Word and Silence: Hans Urs von Balthasar and the Spiritual Encounter between East and West (Angelico Press, 2015).,
In the din of today’s technological society—fueled by the abstract “languages” of political ideology, mass media, and consumerism—it is especially tempting to reject language altogether, to escape into silence and stop listening to others, when their words seem too often a means of manipulation. However, in his monograph on the theme of “Word and Silence” in Balthasar’s thought, Raymond Gawronski shows that the temptation to escape from the noise of our shared life, into solitary silence, is a perennial temptation of homo religiosus. To fallen man, the way of radical self-renunciation and negation (“self-flight”), found in the mystical and ascetic strands of most religions, appears to be the sole means of fully transcending the clatter of “self-seeking” human desires. Remaining sympathetic to this religious urge for silent repose, Gawronski elucidates, by contrast, Balthasar’s fundamentally positive Christian theology of language. For him language is essentially a function of our dialogical nature, which images the truth of God’s triune love. Holy silence, accordingly, is an active mode of receptivity toward the super-eminent, eternal “dialogue” between the divine persons, revealed to us in Christ the Word (logos).
Elegantly illuminating this thesis through an impressive command of Balthasar’s German-language oeuvre, Word and Silence has rightly become a “classic” in the secondary literature since its initial publication in 1995. However, early reviews of it by heavyweight theologians Edward Oakes and Paul Griffiths both claim it does not make good on its subtitle: “the Spiritual Encounter between East and West.” Specifically, one does not find there a dialogue between Balthasar’s Catholicism and the major Eastern religions, each speaking from its own perspective. Rather, Balthasar’s (admittedly inexpert) perceptions of the world religions serve as a foil for a distinctly Christian understanding of “Word and Silence.” As “the religion of silence par excellence.” Zen Buddhism, in particular, serves as a cipher for human attempts to lose oneself in the silent “non-word (Unwort)” beyond all words, that is to say, in the hidden ground beyond multiplicity, change, passion, and finitude. Gawronski highlights this tendency, mutatis mutandis, in Neo-Platonism, Gnosticism, Jewish mysticism, Islamic mysticism, Hindu mysticism, German Idealism, and even supposedly Christian mystics like Gregory Palamas and Meister Eckhart. So long as one bears in mind the inadequacy of this approach for understanding these distinct forms as such, this comparison remains useful as a means to elaborate the distinctiveness of Catholic Christianity.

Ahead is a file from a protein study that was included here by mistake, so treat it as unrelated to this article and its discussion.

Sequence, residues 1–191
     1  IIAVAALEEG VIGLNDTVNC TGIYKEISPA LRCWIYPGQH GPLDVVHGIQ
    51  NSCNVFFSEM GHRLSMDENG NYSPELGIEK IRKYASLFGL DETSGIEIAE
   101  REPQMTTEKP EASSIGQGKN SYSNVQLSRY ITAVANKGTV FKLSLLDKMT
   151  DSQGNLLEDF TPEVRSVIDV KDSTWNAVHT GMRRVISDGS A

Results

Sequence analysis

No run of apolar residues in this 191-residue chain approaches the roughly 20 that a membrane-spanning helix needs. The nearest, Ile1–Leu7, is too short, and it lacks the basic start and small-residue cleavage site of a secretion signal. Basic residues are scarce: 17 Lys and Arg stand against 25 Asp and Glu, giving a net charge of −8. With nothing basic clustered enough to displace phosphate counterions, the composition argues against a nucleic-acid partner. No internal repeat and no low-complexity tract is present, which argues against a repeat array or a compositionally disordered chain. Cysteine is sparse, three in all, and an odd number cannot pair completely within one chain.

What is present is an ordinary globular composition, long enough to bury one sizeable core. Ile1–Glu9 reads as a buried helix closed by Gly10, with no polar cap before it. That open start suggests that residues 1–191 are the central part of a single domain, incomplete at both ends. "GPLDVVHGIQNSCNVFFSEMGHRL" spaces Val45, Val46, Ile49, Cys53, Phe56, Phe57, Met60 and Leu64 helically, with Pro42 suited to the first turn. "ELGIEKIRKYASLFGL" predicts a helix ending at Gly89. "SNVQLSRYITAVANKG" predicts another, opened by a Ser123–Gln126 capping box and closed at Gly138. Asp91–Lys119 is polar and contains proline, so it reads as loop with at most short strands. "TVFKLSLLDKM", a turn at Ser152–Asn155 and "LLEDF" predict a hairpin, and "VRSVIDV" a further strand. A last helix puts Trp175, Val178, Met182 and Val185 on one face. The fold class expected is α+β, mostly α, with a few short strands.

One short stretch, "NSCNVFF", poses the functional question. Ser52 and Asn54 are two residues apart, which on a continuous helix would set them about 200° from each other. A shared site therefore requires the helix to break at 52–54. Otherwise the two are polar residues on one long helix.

According to the latter, God is the infinite mystery of self-giving love, in which the divine persons always “speak” and receptively “listen” to the others in perfect accord. Balthasar’s analogical language attempts to convey how all perfections hold together in the infinite mystery of triune love. To describe God as the archetype of language itself, one may speak of the Trinity as an eternal “dialogue” between the Father and the Son—in the Holy Spirit. God the Father expresses his most basic love by giving away all of himself, indeed all of his infinite being, to his beloved Son. In gratitude for this total gift, the Son offers all of himself in return and expresses his readiness to speak their love to creatures in the form of Jesus Christ. The Son is thus the Word (logos), by which the Creator Spirit draws creatures into his eternally triune “dialogue.”
Lest this notion of a personal “dialogue” with the ever-actual Creator seem too anthropomorphic, Gawronski emphasizes that, for Balthasar, “God’s Word to man remains far above, and other than, human dialogue.” In Chapter V on his theology of prayer, a highlight of the book, Gawronski describes the appropriate posture of the creature as one of contemplative listening and watchful waiting for signs and “words” of God’s ever-greater grace. “Dialogue” remains a meaningful analogy here, because God’s glorious Word descends in the incarnation to encounter humans where we are—in concrete history—to elicit lives of prayer. While all words take on an objective meaning beyond the speaker, our words of repentance, praise, thanks, and fidelity, spoken in response to Christ, generate forms of life in the Church that draw us into the glory of his triune love. Christian speech is a humble, but radically creative, “echo” of the Word who descends to us from above, saving us from death and sin by dying with us, in order to raise us into his everlasting communion. The word “echo” here does not convey mere repetition, since by praying, the creature freely receives and offers himself to the Father, together with Christ. “Echoing” God’s Word to us in Christ, our own creaturely words return to the Father by sharing in the Son’s total and eternal self-communication to him.